The GRIFF cruise (Polarstern PS100, GEOTRACES section GN05) will depart from Tromsø on July 18 and return to Tromsø on September 6. Onboard the German research ice breaker Polarstern there will be 48 scientists from 10 countries (Germany, Canada, South Africa, Netherlands, Portugal, United States, Sweden, Switzerland, France and United Kingdom). Among the participants, a team of 15 scientists will carry out the GEOTRACES program.
The cruise “Greenland ice sheet/ocean interaction and Fram Strait fluxes” (GRIFF) combines investigations of the oceanic fluxes across Fram Strait with ice sheet-ocean interaction studies near Greenland. The marked temperature increase in the Arctic, considerable changes of the Arctic fresh water budget during the past years, the retreat of the Greenland ice sheet, and changes in ocean circulation have been linked there via complex interactions. The GRIFF cruise will bring together scientists from different disciplines to gain a deeper understanding of these recent changes.
Fram Strait constitutes the only deep gateway between the Arctic and the global ocean, through which warm saline Atlantic waters flow northwards. At the same time, a substantial part of the huge Arctic fresh water excess is carried southward towards the Atlantic, partly as liquid water and partly as sea ice, thereby modifying the chemical and physical properties of the entire Atlantic Ocean. In the Nordic Seas, this fresh water flux is augmented by runoff (and ice bergs) from Greenland. In deeper layers of Fram Strait, deep and bottom waters that are ventilated by polar processes exit the Arctic to be eventually incorporated in the Atlantic meridional overturning circulation. One of the mightiest Greenland ice streams, the NEGIS (North East Greenland Ice Stream), drains into the western Fram Strait. There, its outlet glacier, the 79°N Glacier, is in direct contact with warm Atlantic water recirculating in the Fram Strait, which has been warming considerably during the last decades. Climate models predict further warming with possible consequences for the stability of the NEGIS.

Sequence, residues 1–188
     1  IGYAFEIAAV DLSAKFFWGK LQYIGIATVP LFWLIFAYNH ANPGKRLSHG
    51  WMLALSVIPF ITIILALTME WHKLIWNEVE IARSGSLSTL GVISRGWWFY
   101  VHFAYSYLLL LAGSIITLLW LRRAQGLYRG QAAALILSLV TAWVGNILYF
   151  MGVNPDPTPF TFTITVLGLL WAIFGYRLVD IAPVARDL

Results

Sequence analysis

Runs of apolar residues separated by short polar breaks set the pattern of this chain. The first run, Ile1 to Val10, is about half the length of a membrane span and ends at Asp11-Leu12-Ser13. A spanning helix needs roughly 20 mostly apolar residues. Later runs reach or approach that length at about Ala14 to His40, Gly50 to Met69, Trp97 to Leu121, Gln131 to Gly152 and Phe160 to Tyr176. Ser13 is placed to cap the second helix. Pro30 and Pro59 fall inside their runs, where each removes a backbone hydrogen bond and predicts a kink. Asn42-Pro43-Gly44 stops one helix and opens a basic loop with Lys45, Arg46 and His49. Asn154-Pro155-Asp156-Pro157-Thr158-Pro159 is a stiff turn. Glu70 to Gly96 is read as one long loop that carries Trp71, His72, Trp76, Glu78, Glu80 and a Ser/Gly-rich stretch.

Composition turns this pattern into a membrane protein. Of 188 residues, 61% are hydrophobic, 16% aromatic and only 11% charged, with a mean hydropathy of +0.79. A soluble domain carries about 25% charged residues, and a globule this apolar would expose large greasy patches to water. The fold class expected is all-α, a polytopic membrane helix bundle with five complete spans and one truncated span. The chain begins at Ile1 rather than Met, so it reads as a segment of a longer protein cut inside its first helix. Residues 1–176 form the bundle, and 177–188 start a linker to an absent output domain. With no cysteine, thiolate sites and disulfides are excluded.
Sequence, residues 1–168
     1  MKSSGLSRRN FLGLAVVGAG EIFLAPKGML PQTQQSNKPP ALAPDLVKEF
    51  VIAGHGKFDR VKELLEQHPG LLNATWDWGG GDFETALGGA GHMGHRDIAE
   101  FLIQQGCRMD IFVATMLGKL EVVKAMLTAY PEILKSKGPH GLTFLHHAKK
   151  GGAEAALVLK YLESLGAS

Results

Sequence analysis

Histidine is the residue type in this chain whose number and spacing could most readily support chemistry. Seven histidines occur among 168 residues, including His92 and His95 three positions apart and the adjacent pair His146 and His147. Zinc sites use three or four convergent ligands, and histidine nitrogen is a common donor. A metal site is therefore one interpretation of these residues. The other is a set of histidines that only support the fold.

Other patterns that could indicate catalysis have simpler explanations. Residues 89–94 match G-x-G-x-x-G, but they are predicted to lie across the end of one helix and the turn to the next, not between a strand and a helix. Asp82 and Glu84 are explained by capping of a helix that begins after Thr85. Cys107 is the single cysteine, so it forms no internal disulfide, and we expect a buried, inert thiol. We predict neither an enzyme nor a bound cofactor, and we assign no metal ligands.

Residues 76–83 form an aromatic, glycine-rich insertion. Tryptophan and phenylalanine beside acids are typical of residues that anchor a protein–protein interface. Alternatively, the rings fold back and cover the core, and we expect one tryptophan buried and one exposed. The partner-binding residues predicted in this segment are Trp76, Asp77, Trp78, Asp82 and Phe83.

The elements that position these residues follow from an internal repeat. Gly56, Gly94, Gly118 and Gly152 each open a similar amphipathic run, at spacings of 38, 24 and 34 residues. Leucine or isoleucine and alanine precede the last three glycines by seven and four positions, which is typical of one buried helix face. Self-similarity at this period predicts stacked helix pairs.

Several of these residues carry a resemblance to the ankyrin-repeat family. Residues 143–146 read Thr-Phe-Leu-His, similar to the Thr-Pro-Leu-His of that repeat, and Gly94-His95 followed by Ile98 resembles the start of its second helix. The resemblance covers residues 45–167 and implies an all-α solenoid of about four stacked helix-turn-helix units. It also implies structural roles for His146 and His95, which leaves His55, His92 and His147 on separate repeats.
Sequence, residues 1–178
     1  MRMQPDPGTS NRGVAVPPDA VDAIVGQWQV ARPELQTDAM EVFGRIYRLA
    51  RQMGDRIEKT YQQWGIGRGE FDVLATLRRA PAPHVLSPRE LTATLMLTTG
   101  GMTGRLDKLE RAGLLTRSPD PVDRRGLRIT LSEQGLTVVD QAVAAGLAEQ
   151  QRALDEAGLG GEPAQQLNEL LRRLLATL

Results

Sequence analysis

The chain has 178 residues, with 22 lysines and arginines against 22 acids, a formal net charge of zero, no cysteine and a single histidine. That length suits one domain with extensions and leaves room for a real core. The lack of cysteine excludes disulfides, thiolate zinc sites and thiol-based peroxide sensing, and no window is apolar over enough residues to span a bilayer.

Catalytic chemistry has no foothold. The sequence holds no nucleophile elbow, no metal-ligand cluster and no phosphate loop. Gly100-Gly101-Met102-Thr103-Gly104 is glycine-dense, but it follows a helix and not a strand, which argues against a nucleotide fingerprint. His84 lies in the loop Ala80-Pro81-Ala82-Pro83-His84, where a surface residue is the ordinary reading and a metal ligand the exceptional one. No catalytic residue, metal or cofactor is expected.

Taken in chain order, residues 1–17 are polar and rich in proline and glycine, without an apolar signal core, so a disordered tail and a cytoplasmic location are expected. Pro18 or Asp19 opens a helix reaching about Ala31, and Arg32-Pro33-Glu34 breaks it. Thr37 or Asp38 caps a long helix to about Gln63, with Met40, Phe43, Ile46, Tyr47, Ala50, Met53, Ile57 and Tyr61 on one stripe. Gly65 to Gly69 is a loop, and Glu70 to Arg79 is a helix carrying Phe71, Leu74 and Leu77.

The GRIFF cruise will combine work on ocean circulation, geochemistry, glaciology, geodesy, geology, geophysics, mechanical engineering, biology, and biochemistry of this complex system. The volume and heat fluxes through Fram Strait will be quantified by a continuation of the long-term mooring and hydrography programs. The hydrographic section work will include the entire suite of core trace elements and isotopes run by the GEOTRACES program, constituting section GN05. In combination with the oceanographic transport measurements and with the pan-Arctic GEOTRACES program carried out in 2015 (including the Polarstern TransArc II cruise, GEOTRACES section GN04), the results of this cruise will enable us to estimate the Arctic contribution to the global trace element cycle, and to eventually close the Atlantic budgets in the North. On the other hand, the trace elements will help to identify the sources of the various water masses flowing across Fram Strait including contributions from basal glacial melting.
GRIFF is also a component of the strategic infrastructure program FRAM (FRontiers in Arctic Monitoring) of the Helmholtz Foundation of German Research Centers.
Figure: Planned cruise track of GRIFF with moorings (blue squares) and water sampling (all stations).
GEOTRACES stations (GN05) will be selected from the stations in the black frame. Please click here to view the figure larger.
Chief Scientist: Torsten Kanzow, AWI, Bremerhaven
GEOTRACES Scientists: Michiel Rutgers van der Loeff, Walter Geibert, AWI, Bremerhaven; Martin Frank, Eric Achterberg, GEOMAR, Kiel; Micha Rijkenberg, NIOZ Texel
Follow the GRIFF cruise at:
The cruise program can be found at: